Canon EOS Rebel T5: Canon's entry-level dSLR does the job
The best thing I can bring myself to say about Canon's cheapest entry-level DSLR, The EOS Rebel T5 is that it's not bad for its price class.
I'm Lori Grunin, Senior Editor at CNET, and this is a Canon EOS Rebel T5.
In this camera Canon repackages all the technology from the old Rebel T3I in the body and with the bare bones features of the T3.
So the camera seems new, but really isn't.
It does feel comfortable to grip.
And the control and menu layout is logical and easy to pick up.
There's nothing particularly notable about the design.
All entry levels of DSL are basically the same in this respect.
But, there are couple of significant drawbacks.
The view finder is small and deem.
The smallest in its class in fact, with tiny hard to see focus points.
unfortunately, the focus points have become a standard at this price.
And the LCD isn't much more usable.
It's highly reflective, and I found it extremely hard to see in sunlight.
It's also relatively low resolution, so it's hard to tell if your shot's in focus when you're zoomed in.
And shooting in live view mode, which is the mode that's most similar to using a point and shoot, is slow and clunky.
And that's doubly frustrating given the somewhat inconsistent performance of the autofocus system.
Especially in dim light.
Thankfully regular shooting is pretty fast.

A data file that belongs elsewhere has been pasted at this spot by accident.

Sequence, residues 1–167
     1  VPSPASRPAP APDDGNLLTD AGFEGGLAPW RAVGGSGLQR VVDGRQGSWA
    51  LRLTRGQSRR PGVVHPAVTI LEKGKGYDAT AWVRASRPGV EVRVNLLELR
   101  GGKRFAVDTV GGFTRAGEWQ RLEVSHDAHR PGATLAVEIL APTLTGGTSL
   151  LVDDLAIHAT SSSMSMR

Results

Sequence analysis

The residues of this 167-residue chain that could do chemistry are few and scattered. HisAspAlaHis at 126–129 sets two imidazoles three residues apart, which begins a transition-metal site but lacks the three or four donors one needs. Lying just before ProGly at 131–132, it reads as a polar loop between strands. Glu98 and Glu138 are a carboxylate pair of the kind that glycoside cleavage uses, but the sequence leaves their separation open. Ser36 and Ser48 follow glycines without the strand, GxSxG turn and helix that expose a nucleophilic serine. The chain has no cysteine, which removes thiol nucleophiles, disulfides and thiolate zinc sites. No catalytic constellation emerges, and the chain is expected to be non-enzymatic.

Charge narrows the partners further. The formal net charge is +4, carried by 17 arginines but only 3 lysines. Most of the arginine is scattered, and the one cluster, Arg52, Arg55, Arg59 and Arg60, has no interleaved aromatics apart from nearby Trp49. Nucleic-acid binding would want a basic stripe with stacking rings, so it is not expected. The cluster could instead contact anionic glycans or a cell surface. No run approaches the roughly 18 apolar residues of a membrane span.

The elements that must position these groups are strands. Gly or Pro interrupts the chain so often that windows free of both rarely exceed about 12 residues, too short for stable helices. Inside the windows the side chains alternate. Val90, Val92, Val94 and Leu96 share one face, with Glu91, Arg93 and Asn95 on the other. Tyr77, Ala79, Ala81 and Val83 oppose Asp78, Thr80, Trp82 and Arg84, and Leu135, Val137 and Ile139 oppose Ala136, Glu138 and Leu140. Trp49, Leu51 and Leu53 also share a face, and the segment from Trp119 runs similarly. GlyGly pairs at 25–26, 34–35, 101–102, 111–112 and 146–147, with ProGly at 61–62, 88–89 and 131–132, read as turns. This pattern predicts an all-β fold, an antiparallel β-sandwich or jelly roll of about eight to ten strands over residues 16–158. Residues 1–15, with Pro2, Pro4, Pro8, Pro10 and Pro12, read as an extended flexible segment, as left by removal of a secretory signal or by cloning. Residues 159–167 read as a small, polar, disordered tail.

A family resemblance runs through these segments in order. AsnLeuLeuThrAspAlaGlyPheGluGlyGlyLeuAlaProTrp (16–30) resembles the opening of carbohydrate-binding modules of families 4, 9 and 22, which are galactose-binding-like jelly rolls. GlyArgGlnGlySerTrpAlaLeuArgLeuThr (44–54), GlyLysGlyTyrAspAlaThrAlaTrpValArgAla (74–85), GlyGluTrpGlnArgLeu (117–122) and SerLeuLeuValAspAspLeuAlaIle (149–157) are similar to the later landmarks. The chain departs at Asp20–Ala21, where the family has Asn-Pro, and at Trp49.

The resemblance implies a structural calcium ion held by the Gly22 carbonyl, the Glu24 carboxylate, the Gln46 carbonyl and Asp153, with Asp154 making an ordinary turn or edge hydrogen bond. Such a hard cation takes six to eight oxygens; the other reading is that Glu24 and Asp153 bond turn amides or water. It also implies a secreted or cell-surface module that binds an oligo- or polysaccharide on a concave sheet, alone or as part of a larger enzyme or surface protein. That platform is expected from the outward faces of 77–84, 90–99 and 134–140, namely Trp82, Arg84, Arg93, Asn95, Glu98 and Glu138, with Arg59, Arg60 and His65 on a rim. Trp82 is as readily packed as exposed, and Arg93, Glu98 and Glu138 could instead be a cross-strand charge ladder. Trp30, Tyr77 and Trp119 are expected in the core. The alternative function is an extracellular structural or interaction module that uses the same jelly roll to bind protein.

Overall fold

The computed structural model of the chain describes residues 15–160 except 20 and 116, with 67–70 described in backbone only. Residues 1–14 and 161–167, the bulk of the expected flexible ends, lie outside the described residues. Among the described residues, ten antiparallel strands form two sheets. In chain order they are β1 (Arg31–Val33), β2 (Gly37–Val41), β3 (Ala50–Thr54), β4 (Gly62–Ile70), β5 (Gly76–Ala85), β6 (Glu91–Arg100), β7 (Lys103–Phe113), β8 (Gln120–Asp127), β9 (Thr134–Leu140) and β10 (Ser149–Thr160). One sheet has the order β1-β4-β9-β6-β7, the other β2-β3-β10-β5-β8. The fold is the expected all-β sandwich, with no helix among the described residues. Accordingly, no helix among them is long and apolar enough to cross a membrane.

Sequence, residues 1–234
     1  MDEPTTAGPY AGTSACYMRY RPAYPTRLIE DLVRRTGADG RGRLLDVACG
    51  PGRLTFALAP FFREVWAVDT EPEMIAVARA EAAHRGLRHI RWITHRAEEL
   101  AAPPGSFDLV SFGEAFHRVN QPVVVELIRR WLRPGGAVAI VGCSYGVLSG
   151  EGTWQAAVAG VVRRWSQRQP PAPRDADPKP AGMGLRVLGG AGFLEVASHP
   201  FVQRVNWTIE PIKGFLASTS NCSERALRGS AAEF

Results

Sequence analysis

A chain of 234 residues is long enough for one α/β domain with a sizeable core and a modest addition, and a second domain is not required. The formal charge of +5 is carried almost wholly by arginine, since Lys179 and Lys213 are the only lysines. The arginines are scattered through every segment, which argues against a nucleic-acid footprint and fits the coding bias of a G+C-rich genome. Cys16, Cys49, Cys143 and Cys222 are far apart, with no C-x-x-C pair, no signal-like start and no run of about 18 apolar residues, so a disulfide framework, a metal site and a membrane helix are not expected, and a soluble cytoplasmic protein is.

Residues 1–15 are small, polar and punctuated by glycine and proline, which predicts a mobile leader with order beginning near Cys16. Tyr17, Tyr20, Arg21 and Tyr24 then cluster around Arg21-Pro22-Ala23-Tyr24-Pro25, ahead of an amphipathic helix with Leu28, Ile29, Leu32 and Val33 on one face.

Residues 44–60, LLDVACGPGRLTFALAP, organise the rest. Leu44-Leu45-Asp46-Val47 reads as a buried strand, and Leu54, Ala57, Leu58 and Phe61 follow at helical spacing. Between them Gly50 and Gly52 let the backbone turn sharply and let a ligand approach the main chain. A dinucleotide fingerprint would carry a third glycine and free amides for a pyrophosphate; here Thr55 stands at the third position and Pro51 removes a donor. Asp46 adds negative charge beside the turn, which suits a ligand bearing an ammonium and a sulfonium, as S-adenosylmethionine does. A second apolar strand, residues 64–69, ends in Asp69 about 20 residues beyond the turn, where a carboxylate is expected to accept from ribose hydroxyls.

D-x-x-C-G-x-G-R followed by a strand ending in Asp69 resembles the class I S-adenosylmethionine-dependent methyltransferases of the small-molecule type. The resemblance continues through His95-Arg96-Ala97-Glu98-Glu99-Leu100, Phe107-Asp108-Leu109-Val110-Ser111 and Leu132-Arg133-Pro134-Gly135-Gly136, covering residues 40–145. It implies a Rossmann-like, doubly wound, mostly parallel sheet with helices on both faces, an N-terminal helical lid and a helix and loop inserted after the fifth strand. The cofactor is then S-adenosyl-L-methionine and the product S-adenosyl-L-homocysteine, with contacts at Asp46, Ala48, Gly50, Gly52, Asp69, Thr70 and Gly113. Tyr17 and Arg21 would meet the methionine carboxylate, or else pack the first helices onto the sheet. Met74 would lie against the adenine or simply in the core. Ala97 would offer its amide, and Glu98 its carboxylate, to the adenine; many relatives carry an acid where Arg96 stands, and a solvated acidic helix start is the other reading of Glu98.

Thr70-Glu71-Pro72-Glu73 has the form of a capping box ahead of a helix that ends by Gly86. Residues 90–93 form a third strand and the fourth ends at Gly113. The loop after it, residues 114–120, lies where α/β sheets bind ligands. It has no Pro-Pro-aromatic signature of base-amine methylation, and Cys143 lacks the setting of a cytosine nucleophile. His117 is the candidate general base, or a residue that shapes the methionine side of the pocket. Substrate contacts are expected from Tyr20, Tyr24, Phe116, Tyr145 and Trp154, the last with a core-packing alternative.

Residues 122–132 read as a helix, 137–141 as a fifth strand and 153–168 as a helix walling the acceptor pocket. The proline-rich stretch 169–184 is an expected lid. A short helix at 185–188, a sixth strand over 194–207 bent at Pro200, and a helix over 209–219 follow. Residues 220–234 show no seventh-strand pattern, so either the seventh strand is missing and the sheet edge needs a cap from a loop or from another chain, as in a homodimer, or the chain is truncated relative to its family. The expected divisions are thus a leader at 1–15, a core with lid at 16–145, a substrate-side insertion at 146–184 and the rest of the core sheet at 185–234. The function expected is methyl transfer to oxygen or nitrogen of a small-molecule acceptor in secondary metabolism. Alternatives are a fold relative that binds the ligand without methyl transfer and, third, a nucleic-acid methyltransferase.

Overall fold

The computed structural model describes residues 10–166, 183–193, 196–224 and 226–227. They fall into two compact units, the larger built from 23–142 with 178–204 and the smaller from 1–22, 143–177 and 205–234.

And it's tested burst frame rate of 3.1 frames per second should be okay for active kids and pets.
But the autofocus system during burst shooting is kinda hit and miss.
And sadly, it's battery life is significantly shorter than it's predecessor the T3.
Image quality's solid, but not quite as good as a same priced competitor like the Nikon D3200.
The tonal range is a little narrower, which means you lose detail in blacks and highlights at lower ISO settings and in brighter light.
Than the D3200.
And that affects video quality as well.
Which is fine for short clips, but not terrific.
Still, most people will be fine with the images.
Colors are bright, saturated, and pleasing.
And there's a setting if you more accurate.
The feature set is better thana the T3s but not nearly as good as the now similarly priced T3i.
Like the T3i, it has an eighteen Megapixel sensor and a nine point auto-focus system, with a fixed three inch LCD that's slightly larger than it's predecessors.
Overall, it's a fine camera.
But the old 33i which currently cost the same is significantly better.
And the 9con G3G200 is also a relatively better bargain.
First time DSLR user, will probably be happy with it, you just wont be getting the best camera available for your money.
I'm Lory Grinnell and this is the Canon EOS Rebel